Here are the two questions to answer for class on Thursday:
1) Can you put “mythic elements of human experience”
and “cultural Mythology*” into your own words?
2) What would an example of “cultural mythology*” or “mythic elements of human experience” look like in today’s world? Think of some events or values/ideas that may be in our collective memory or shared experiences.
*Mythology: A collection of stories that form the basis of a culture, religion or values of a particular society or group of people
For homework tonight:
Notes from class: Rhetorical Appeals
Identify a rhetorical appeal and a logical fallacy in Reverend Stryker’s ideas in God Loves, Man Kills and explain why they are what they are.
Extra credit: email me or bring in an article or video or other form of media with an example of logos/pathos/ethos and article/other media with a logical fallacy.
Reminder: your short response to the combat myth, Beowulf and the Mike Nichols article (about the combat myth in Batman and Beowulf) is due Tuesday. Here are the resources again if you need them:
Hi juniors and seniors,
Here’s the 50 lines or so of Beowulf I’d like you to look at if you didn’t finish the work in class on Friday. The PDF is below. You’re looking at lines 311 – 352. (Beowulf’s speech to King Hrothgar.)
Here’s the text: Beowulf pdf
Answer these two questions:
- How does Beowulf’s last line “Fate goes as fate must” (352) exemplify the cultural mythology of the time and place of the poem?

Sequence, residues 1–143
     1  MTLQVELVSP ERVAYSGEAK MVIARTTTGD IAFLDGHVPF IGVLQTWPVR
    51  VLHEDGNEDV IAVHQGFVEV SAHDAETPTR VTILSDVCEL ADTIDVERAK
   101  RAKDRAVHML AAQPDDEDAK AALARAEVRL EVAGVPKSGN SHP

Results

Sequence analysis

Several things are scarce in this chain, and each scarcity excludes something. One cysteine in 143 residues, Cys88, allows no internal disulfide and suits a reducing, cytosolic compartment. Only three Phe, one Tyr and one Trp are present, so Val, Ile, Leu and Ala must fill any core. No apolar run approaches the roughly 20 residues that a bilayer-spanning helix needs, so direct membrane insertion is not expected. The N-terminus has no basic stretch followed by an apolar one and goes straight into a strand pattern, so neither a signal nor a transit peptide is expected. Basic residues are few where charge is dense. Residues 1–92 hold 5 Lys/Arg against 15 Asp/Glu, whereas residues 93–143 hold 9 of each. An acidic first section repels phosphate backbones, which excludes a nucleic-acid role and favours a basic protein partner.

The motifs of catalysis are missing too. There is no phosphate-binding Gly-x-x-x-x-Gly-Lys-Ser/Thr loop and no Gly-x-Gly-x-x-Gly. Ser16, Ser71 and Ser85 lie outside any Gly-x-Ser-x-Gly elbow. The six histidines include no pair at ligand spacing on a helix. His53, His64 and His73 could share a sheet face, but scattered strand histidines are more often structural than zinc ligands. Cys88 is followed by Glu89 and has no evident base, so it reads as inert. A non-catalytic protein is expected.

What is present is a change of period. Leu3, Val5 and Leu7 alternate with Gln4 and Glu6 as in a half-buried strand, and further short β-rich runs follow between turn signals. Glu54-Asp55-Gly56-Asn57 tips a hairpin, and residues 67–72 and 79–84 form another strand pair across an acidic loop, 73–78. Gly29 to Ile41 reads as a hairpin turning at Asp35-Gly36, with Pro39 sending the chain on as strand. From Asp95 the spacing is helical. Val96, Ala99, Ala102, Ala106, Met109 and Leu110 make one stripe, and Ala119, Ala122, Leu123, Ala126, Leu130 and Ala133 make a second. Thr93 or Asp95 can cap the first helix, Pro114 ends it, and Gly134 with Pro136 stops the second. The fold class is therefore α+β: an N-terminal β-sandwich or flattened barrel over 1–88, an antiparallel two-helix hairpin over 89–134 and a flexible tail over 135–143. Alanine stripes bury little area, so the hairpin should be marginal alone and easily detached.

- Write down two examples of Beowulf’s heroism (cite evidence)
I hope the rest of your first day went well! For tonight, answer the two questions at the bottom of the archetype checklist from class today:
- Think about the popularity and longevity (or “staying power”) of the hero you and your partner chose. Which archetypes checked off from the list do you think most contribute to your hero’s longevity and why?
- What parts of this hero tap into a type of “cultural mythology,” as Grant Morrison put it. In other words, why do we as Americans, or specifically you as a teenager in America, identify with this hero?
Today we mined book 1 of V for Vendetta, the opening of 1984, and what we read of Stanley Milgram’s Obedience experiment for common themes.
Come to class on Thursday with you notebooks full of specific page numbers and quotes, ready to write a short essay linking our three texts.